I thought it was quite instructive, the comment made by the companionable man at breakfast. He folded the hotel copy of the Daily Mail onto his table and after sharing with me a news item he'd been reading, about cockroaches in a Rochdale hospital, he stood up, faced the door and said, "Oh, well, off to fight another day." To fight another day... he's at odds with it before it's hardly begun.
And I thought it was quite instructive, the comments made by the chatty ladies who'd made and served my breakfast, when I asked them what I could see in a morning in Batley. Silence, then: "Nothing much." Nothing much... they believe that there's little worth seeing in the place where they live and work and have their being.
Here is what I found worth seeing in Batley in just a couple of hours of wandering:
The Irish Democratic League Club, a thriving social centre with links back to Michael Davitt, 'a world figure in the cause of freedom [who] raised his voice and pen on behalf of the oppressed, irrespective of race or creed';
The head office and manufacturing centre for Fox's Biscuits, making Batley people the producers of Rich Tea Creams and Jam Creams, Nice and Ginger biscuits, and those wonderful chocolate Classics, for which a nation is grateful;
A young man wearing elasticated headgear leaning against a side wall of Fox's, on a break, indicating that the company is investing in its local people and training them in time-honoured fashion;
The Neoclassical style civic centre, shining in soft local stone: the Town Hall, a Carnegie Library and Art Gallery facing across a cobblestone square, and below, the imposing Zion Chapel, placing Methodism at the heart of Batley;
Four black huts on the high street, one with door ajar and appearing to contain a scattering of colourful clothes. I wondered if these had some religious significance: prayer huts, for instance, but could not bring myself to ask any passers-by;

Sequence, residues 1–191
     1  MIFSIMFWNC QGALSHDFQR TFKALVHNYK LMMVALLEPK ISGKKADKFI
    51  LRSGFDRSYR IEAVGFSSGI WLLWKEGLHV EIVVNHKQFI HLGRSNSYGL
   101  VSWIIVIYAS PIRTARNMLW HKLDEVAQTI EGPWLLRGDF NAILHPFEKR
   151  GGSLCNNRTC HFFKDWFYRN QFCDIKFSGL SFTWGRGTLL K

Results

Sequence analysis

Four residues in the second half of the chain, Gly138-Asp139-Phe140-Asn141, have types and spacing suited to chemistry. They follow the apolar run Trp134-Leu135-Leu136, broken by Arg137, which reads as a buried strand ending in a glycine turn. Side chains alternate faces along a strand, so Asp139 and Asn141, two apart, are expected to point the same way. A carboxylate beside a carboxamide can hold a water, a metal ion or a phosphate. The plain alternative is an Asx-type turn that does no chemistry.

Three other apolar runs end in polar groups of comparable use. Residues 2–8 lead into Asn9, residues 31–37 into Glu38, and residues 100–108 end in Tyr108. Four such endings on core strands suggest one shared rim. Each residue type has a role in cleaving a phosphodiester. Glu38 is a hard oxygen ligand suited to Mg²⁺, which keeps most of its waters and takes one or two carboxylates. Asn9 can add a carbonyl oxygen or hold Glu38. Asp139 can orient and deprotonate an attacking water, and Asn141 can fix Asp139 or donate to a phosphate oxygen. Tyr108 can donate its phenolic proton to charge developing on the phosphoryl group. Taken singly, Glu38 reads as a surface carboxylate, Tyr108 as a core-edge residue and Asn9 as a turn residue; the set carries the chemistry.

The cobblestone crescent sweeping uphill to the railway station, its buildings awaiting some imaginative redevelopment but impressive - as the 1848 station itself - nevertheless;
Big bats at a busy traffic junction on a gothic arch in York Stone, which turns out to be the creation of Chloe Cookson and Rory McNally, a truly jolly and imaginative addition to the town's public space;
A busy Tesco's built on the stepped town centre's lower tier, in a massive space where once a mill perhaps may have stood - impressive footbridge from the high street pavement, a full cafe, a shelf full of Asian film, women's and lifestyle magazines (being ignored by the Asian shoppers), young men driving electric vehicles towing trolleys around the car park;
White and Asian adults passing by peaceably but generally without recognition; white and Asian schoolchildren talking, playing together;
An Assemblies of God Church next to The White Hart, a Working Mens Club and Institute, a couple of Mosques and the union flag flying Wellington pub;
Plenty worth seeing, then, from my perspective; plenty to take with me on the forward journey which turned out to involve some messing about on motorway bridges and recording ghosts [mp3] on a hidden footpath sandwiched between IKEA and the M62, Birstall.